Warehouse safety is a complete system which requires pallet racking safety as well as mechanical handling safety in order to function.
A safe warehouse is like a well-oiled machine. This means that every part needs to work safely and efficiently with every other part. You cannot ignore other elements of warehouse safety and you cannot view one aspect of warehouse safety in isolation. It’s for this reason that it is vital to know about how pallet racking safety interacts with mechanical handling safety.
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However, before that happens, it’s important to define terms.
What Is Pallet Racking Safety?
Pallet racking safety consists of all the procedures, whether those are legal requirements from HSE or recommendations from SEMA, which are concerned with making pallet racking safer.
These procedures include proper installation, proper use, regular inspections from an outside expert, regular inspections from staff members, and rack inspection training to make sure that staff members can perform these internal inspections. As well as all that, warehouse owners are required to repair and/or replace a racking system when necessary.
What Is Mechanical Handling Safety?
Industrial trucks, tractors, forklifts, conveyors; mechanical handling refers to moving anything around a warehouse using any of these pieces of technology. Mechanical handling safety refers to all the procedures outlined by HSE, both in HSG76 and in LOLER 1998, which are concerned with making mechanical handling safer.
These procedures vary depending on the type of mechanical handling equipment you’re referring to. As with racking, most equipment requires inspection and users should never exceed the recommended guidelines. What’s more, it’s vital to make sure that you are using equipment which is cleared for usage in the EU. This is true of health and safety in general. However, with mechanical equipment being used in a confined space in combination with other mechanical equipment, it’s especially important.
When Should You Consider Mechanical Handling Safety & Racking Safety Together?
Ideally, you should consider the two kinds of safety together at all times. However, because the two disciplines are often separated by different professions (a SEMA approved racking inspector, for example, is not qualified to inspect a forklift truck) it can be difficult to think of the two safety protocols alongside each other. Still, don’t feel too bad; a lot of research suggests that all humans are terrible at multitasking.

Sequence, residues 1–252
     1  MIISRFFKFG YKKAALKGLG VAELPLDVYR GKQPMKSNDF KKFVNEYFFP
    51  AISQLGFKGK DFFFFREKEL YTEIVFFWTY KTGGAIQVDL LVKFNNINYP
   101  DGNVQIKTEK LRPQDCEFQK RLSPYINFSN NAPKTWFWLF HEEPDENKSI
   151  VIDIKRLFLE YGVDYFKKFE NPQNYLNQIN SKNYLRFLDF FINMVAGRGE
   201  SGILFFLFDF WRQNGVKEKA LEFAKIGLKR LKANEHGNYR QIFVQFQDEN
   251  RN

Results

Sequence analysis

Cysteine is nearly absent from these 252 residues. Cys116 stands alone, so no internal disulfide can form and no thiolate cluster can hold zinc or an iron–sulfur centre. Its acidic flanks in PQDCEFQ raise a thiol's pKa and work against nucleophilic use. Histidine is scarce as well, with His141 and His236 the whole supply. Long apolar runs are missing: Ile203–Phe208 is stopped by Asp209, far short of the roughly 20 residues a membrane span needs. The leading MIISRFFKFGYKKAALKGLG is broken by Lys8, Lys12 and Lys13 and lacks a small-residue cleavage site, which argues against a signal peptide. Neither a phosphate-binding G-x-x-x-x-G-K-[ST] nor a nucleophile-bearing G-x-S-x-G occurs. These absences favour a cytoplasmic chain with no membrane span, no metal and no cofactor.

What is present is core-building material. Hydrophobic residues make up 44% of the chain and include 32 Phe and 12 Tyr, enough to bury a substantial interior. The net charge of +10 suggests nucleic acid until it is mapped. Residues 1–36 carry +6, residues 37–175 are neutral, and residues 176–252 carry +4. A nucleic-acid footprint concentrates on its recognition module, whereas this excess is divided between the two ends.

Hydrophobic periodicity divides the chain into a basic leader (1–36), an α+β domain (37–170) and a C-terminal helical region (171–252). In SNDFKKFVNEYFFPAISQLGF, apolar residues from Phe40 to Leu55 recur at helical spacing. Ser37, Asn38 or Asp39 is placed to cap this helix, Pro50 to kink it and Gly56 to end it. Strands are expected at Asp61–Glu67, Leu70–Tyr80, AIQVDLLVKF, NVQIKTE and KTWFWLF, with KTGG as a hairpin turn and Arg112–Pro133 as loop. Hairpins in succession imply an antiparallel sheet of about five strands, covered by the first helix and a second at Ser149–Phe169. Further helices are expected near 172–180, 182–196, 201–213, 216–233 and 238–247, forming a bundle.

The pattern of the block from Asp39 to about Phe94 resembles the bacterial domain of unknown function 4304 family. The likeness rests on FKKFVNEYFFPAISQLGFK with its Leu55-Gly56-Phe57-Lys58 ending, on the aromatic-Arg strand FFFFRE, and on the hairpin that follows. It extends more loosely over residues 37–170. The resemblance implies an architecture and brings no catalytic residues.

Yet, with our handy ‘cheat sheet’, you won’t need to multitask. You can focus on one table to know exactly what HSE recommends you do when these two different safety disciplines interact:
|#||Situation||Racking Safety Considerations||Mechanical Handling Safety Considerations|
|1||Driving an industrial truck, lift truck, or tow tractor in bad light.||You might crash or bump into your storage system, damaging your racking. If so, your system would require an immediate inspection from a SEMA approved racking inspector and be immediately offloaded.||Be sure to add lights to your truck or tractor as a precaution for if you ever happen to be driving it in bad light. Better yet, improve the overall lighting of the warehouse.|
|2||Driving an industrial truck, lift truck, or tow tractor through an aisle with racking systems either side.||The narrow space could damage your racking systems. However, the issues to consider here are likely to be unique to your warehouse. As such, HSE recommends “site-specific control measures” which, in turn, means a risk assessment.||The narrow space could damage your vehicle. Once again, you will need “site-specific control measures” to tackle this particular issue.|
|3||Driving an industrial truck, lift truck, or tow tractor over an uneven floor.||An uneven floor could cause you to temporarily lose control and crash or bump into your storage system. If that does happen, the same advice from #1 follows.||Never use a vehicle if the unevenness of the floor exceeds the recommendations of the manufacturer. Perform regular checks of the floor for unevenness.|
|4||Using a truck to lift storage onto a racking system.||As before, there are the usual concerns with damaging the racking system, but it’s also important the racking system isn’t overloaded. Follow the manufacturer’s instructions in this case.||Be sure to lower the load onto the racking system as soon as the load is clear of the racking. Don’t create unnecessary risk by lifting the load higher than needed.|
Also, be sure to make sure that anyone operating the truck keeps constant, two-handed control of the vehicle to prevent any possibility that they might get trapped in between the vehicle and the storage system.
Rack Inspection Training: You Can Never Be Too Safe
Our rack inspection training course covers the many, many aspects of racking inspection safety and how they interact with the rest of the warehouse. A racking inspection training course is a great way for staff members to learn about warehouse safety as a whole discipline, rather than simply one particular aspect of it.